“I’m not blind to the history in this country of medical experimentation on Black people, and, at first, I was hesitant to participate in the study,” she recalled.  But when she found out that too few Black women were participating to know whether they were responding to the treatment, she joined the clinical trial.

The research changed the standard of care for women with breast cancer and minimized the impact of side effects on their lives. Denyse is now cancer-free.

“My experience with cancer empowered me to be assertive and to become an equal partner in the decision-making of my care, and I wanted other Black women experiencing a cancer diagnosis to have that same sense of empowerment.”

She and her sister launched Carrie’s TOUCH, a nonprofit breast cancer organization, to give a voice to Black women and to significantly increase the number of Black breast cancer survivors.

Source: Why Are Black Women Still Dying at Higher Rates Than White Women From Breast Cancer?

"I wasn't ready to die, I was the breadwinner for my family"

“I’m a miracle,” says Ricki Fairley. “After a double mastectomy, six rounds of standard of care chemotherapy, six weeks of radiation, and reconstruction, I was told that my triple negative breast cancer (TNBC) was gone. But almost exactly a year to the date of my initial diagnosis, the TNBC had come back on my chest wall. My doctor told me that I was now metastatic and to get my affairs in order—I had two years, at the most, to live.

This doctor had only seen two TNBC patients before me and both died within nine months. Her minimal experience with TNBC and lack of knowledge of Black Breast Cancer led her to believe that there were no treatment options left for me.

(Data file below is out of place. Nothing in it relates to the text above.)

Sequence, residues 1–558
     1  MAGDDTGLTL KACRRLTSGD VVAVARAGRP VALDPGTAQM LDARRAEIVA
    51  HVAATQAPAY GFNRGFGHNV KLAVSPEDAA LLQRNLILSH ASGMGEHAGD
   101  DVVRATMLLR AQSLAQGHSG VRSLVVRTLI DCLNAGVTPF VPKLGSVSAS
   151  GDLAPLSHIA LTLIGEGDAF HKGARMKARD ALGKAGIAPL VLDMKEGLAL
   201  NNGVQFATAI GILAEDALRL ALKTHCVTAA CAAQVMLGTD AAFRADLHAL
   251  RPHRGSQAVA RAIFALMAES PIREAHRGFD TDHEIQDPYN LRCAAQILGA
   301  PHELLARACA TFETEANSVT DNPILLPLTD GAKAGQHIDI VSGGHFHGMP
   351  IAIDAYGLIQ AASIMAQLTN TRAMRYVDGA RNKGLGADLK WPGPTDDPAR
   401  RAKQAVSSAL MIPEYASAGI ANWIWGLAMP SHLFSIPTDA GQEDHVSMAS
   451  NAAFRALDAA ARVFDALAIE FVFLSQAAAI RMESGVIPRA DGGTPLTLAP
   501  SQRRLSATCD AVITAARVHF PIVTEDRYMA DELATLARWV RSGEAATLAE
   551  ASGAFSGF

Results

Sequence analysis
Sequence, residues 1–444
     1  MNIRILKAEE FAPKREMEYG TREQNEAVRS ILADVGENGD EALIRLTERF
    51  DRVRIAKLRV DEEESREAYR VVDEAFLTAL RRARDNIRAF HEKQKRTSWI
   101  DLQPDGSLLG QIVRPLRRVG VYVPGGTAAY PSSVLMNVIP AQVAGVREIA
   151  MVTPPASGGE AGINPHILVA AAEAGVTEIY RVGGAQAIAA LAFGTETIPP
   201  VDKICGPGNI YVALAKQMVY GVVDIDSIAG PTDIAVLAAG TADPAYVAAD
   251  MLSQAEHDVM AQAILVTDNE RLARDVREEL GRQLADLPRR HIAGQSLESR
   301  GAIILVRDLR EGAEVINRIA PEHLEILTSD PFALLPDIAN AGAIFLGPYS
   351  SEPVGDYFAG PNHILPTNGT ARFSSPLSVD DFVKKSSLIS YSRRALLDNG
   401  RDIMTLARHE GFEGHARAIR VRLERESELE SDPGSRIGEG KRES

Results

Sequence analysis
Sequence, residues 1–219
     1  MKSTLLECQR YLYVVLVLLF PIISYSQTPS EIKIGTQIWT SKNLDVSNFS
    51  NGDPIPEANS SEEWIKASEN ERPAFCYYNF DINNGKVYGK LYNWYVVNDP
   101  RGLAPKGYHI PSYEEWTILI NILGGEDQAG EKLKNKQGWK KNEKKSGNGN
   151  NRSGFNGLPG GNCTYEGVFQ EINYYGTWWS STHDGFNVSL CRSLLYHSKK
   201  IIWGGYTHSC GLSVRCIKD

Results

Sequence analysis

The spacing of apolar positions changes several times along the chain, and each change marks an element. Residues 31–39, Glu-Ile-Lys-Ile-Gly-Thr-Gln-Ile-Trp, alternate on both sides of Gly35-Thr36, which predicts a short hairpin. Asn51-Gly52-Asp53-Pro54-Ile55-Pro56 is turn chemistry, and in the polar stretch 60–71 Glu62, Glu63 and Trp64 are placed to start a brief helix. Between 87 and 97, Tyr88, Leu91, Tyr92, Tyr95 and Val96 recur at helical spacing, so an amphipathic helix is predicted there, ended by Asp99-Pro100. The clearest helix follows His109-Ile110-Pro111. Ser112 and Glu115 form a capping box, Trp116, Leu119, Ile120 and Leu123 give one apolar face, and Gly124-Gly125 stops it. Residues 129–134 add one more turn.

But I wasn’t ready to die. I was the breadwinner for my family and the rainmaker for my company. I felt the responsibility to give my daughter, who was still in college at the time, the education she deserved.

I did my own research and found the Triple Negative Breast Cancer Foundation, which recommended one of a very few oncologists in the US who understood TNBC. She put me on two experimental drugs that have now become standard of care treatments for TNBC. Today, I’m a ten-year breast cancer survivor with no evidence of disease.”

See “Ricki Fairley, Co-Founder of TOUCH, The Black Breast Cancer Alliance Shares Why Clinical Trial Participation Will Help Black Women Beat Breast Cancer” on the Ebony website (2022)

Why diversity matters in breast cancer research

Not being included in clinical trials may be one of the reasons that Black women have worse breast cancer outcomes than other racial and ethnic groups. Lack of diversity among clinical trial participants means that new cancer treatments are being tested in groups of people that are not representative of the broader patient population that will receive these treatments if they are approved.